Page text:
VIENNA (AP) – Officials from five world powers launched a new effort Tuesday to try to bring the United States back to the 2015 fundamental nuclear deal they signed with Iran, a delicate diplomatic dance to balance concerns and concerns. the interests of Washington and Tehran.
The meeting in Vienna of envoys from Russia, China, Germany, France, Britain and Iran came as the United States had to begin its indirect talks with Iran. This will be one of the first signs of tangible progress in efforts to return the two countries to the agreement, which limits Iran’s nuclear program in exchange for relief from US and international sanctions.
Following the closed-door meetings of the signatories to the deal, known as the Joint Comprehensive Action Plan, Russian delegate Mikhail Ulyanov wrote on Twitter that the initial talks were “successful”
“The recovery of JCPOA will not happen immediately. It will take some time. How long? Nobody knows, “he wrote. “The most important thing after today’s meeting of the Joint Commission is that practical work has begun to achieve this goal.”
In 2018, then-President Donald Trump unilaterally withdrew the United States from the agreement, opting for a maximum pressure campaign that included reinstated and additional US sanctions.
Since then, Iran has repeatedly violated restrictions on the deal, such as the amount of enriched uranium it can store and the purity with which it can be enriched. Tehran’s moves have been calculated to put pressure on other countries in the deal to do more to offset the crippling US sanctions reintroduced under Trump.
US President Joe Biden, who was vice president at the time of Barack Obama when the initial deal was negotiated, said he wanted to return the United States to the JCPOA, but that Iran must rectify its violations.
Iran claims that the United States violated the deal first by withdrawing, so Washington must take the first step by lifting sanctions.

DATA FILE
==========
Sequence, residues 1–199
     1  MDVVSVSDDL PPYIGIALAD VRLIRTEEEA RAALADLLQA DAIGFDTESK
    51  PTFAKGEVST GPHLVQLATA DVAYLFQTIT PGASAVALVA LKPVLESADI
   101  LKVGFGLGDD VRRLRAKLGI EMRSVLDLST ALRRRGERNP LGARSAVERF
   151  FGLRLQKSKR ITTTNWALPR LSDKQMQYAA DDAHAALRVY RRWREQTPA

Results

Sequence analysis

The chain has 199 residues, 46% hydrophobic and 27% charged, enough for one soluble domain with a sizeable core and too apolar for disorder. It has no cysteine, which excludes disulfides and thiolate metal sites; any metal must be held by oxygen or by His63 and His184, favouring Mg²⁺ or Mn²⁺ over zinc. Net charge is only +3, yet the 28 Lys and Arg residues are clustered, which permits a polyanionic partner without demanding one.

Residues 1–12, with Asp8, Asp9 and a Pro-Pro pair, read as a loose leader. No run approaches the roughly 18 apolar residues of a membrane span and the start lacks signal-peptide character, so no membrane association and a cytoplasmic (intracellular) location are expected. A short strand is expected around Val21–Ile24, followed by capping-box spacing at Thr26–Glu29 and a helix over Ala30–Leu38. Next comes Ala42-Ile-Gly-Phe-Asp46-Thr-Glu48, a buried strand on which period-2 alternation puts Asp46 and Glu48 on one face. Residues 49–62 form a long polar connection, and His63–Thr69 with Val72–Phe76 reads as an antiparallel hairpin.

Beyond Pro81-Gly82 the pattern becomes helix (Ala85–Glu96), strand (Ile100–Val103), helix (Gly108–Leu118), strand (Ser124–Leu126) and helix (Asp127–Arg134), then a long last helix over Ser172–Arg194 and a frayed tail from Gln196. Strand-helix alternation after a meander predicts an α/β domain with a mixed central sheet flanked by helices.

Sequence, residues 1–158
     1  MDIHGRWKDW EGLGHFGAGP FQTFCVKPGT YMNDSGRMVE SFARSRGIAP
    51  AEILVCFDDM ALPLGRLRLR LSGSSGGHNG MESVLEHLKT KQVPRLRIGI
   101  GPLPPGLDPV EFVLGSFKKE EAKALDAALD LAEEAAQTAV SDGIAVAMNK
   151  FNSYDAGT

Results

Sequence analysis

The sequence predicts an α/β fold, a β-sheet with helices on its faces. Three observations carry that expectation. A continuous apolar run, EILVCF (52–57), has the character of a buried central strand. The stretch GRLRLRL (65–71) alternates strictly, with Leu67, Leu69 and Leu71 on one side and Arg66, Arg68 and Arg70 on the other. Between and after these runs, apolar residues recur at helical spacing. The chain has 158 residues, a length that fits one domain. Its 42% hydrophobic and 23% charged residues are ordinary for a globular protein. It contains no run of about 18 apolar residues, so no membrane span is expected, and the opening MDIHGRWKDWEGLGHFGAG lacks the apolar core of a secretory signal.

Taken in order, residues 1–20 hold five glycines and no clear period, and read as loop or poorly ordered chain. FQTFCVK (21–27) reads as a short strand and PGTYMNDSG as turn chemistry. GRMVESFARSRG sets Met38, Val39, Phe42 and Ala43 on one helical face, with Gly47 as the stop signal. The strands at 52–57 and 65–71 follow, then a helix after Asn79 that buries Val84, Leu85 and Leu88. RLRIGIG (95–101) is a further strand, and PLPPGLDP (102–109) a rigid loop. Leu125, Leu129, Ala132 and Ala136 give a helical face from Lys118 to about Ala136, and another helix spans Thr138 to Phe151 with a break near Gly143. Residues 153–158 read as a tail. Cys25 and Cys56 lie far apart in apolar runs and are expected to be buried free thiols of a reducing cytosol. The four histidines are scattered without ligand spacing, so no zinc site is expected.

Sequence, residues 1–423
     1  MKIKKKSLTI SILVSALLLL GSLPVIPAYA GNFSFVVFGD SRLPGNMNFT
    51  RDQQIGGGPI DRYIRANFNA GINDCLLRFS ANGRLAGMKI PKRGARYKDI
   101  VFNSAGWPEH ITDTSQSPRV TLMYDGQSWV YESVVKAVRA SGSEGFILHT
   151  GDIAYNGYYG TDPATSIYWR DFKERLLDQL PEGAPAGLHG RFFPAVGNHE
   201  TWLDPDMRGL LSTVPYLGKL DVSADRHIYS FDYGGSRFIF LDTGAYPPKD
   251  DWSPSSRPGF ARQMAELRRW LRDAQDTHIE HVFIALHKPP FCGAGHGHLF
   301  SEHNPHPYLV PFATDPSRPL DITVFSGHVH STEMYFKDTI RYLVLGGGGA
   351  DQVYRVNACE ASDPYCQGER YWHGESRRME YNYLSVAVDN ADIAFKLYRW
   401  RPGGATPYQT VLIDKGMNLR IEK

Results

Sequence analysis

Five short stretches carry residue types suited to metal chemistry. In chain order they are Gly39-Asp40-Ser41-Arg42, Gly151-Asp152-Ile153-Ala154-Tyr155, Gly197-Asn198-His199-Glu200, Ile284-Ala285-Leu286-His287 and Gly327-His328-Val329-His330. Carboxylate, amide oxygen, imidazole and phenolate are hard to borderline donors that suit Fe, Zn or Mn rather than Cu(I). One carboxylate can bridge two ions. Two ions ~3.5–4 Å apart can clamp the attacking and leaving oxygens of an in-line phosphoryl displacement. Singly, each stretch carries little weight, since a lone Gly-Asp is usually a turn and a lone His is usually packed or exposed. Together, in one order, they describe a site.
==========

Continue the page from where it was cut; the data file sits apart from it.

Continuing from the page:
Following the meeting in Vienna, Iranian state television quoted Iranian negotiator Abbas Arachi as saying that the message was repeated during the initial round of talks.
“The lifting of US sanctions is the first and most necessary action to revive the deal,” Aragci said. “Iran is fully prepared to reverse its activities and return to full implementation of the deal as soon as it is confirmed that the sanctions have been lifted.”
At the meeting, the participants agreed to set up two expert-level groups, one on lifting sanctions and one on nuclear issues, which were “tasked with determining concrete measures that Washington and Tehran must take to restore full implementation of the JCPOA”, Ulyanov tweeted.
They must start work immediately and report their findings to the main negotiators.
The ultimate goal of the deal is to prevent Iran from developing a nuclear bomb, something he insists he does not want to do. Iran now has enough enriched uranium to make a bomb, but it is not close to the amount it had before the nuclear deal was signed.
In the latest violation, Burroughs Kamalvandi, a spokesman for Iran’s civilian nuclear program, said officials had begun mechanical tests on a prototype IR-9 centrifuge. This centrifuge will enrich uranium 50 times faster than the IR-1 allowed under the agreement, he said, according to the semi-official news agency ISNA.